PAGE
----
The legend of the bike parade

No, the Lincoln Tunnel wasn’t actually closed for good this week, but 1,600 dressed-up passengers did have to jump over a thick layer of steel beams for a shortcut to Chinatown.

Drivers with dogs, a mascot for Harper’s Bazaar and an alumni of the famed “Four Horsemen” have been navigating dangerously narrow manholes, inching across Boston Street and climbing over floodgates since noon on Tuesday. It’s the 72nd annual New York City Bike Parade, and although there is no state record for the event’s duration, here’s a very good guess: The annual Thanksgiving tradition will likely last around 3 hours.

Over the course of three hours, members of an old cycling gang known as the Four Horsemen of the Cretaceous struck again in New York City, laying down on paving stones to pass through roughly 1,600 manholes, just for fun, if not the sake of historical research. Three years ago, they allegedly bumped their rider, who suffered a broken shoulder, so last year they changed the route and pedaled on up Broadway to New York’s Financial District.

The start and finish points are really just pre-determined exits and entrances along the route. The last two parts don’t happen until the Four Horsemen climb a steep hill from lower Manhattan along the Bronx River and Grand Concourse.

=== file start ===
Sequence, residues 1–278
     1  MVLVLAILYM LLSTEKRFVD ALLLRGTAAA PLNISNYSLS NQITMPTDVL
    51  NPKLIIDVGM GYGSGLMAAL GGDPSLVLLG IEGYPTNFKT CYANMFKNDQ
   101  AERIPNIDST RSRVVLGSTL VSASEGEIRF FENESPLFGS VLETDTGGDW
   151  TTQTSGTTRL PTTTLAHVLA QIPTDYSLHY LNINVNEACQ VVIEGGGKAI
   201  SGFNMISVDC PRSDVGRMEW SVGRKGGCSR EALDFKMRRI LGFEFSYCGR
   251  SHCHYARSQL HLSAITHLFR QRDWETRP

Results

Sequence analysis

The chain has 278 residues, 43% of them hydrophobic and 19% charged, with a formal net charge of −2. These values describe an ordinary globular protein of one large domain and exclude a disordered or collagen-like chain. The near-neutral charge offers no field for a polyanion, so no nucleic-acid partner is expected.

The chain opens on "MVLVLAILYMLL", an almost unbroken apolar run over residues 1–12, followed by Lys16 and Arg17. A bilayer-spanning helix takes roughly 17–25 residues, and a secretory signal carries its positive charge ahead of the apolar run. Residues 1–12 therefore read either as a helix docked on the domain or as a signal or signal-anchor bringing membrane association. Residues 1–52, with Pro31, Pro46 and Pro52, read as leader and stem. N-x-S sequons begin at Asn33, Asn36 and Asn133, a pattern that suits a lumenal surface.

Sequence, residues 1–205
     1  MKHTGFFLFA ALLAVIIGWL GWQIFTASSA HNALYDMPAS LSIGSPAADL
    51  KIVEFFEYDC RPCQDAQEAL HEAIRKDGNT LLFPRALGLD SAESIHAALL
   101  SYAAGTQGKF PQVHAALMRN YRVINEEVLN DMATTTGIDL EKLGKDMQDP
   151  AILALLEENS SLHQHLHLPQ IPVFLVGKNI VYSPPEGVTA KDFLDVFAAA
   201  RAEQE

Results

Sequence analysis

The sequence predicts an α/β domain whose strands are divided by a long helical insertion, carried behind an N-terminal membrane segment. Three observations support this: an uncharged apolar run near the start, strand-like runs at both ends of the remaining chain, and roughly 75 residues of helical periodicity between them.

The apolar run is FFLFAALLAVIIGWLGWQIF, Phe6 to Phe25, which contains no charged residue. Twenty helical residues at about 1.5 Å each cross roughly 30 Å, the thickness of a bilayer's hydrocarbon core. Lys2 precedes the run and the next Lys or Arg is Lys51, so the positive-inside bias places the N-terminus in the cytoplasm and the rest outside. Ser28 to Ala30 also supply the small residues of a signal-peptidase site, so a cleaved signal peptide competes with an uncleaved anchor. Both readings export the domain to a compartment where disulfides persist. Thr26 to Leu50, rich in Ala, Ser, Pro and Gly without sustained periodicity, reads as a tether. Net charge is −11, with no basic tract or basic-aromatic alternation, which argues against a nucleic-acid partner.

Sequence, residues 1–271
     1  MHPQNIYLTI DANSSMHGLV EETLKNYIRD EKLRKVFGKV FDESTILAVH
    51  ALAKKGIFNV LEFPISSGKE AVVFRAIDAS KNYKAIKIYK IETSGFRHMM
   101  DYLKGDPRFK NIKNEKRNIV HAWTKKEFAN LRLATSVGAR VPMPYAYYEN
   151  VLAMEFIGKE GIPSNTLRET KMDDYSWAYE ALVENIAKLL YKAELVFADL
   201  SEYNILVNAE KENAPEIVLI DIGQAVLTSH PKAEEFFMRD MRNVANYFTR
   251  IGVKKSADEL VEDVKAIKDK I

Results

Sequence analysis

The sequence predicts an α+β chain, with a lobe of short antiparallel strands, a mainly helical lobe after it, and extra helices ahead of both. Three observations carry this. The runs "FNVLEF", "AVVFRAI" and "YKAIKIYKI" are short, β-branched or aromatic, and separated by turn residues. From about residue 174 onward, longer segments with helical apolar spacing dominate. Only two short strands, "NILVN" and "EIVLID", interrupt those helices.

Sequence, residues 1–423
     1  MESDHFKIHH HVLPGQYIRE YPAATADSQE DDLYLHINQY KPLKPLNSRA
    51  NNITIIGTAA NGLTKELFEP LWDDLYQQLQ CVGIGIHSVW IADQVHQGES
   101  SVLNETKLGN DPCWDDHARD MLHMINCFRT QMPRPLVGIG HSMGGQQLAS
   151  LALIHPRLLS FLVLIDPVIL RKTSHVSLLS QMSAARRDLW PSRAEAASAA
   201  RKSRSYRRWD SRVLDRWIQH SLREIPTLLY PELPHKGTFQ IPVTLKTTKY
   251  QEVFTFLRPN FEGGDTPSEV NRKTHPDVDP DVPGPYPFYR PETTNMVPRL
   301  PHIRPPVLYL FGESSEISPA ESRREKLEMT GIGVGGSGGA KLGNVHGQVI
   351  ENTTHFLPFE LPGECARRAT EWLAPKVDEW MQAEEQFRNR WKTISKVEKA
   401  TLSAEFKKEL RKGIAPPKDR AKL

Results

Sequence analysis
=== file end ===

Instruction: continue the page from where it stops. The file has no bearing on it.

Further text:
Cyclists are insured by the self-appointed Bicycle Protection Corps (it’s a 501(c)(3) nonprofit group) and the police make sure they get there safely. (The city didn’t push back on that idea this year.)

In midtown at this point, there are millions of spectators looking for street closure signs and red-white-and-blue bunting — and the parade riders are waiting for traffic to let them through.

But some parts of the parade route still take riders right up to the American flag-waving crowds. If you keep your eyes peeled and plan accordingly, this might be one of the best parts of the parade for spectators to enjoy.

“This is the magic part of the city,” said Dr. Bob “Spokesman for the Hammerhead” Gravass, a member of the foursome and “chief of Dr. Hanko Toys,” who is traveling up from Portland, Oregon. “Every year I say to myself, I’m going to keep going until I break down.”

Most riders have an elaborate backstory on why they follow the event, typically beginning at home and rolling out their own bikes to Gotham.

A limousine driver who has raced alongside the group in the past now rides the route himself, riding at about 50 to 60 miles per hour, starting every year about July.

An energy lawyer says the Bike Parade is “the most surreal thing.”

“And it’s a nice family-oriented day,” she said, as she stuck out her finger. “People have happy memories of it.”

After New York, the two will gallop on to Baltimore, Philadelphia and Washington, D.C. for the 70th parade on December 2. And, they promise, they will do it all again this Thanksgiving.

Take a photo of yourself at the event.


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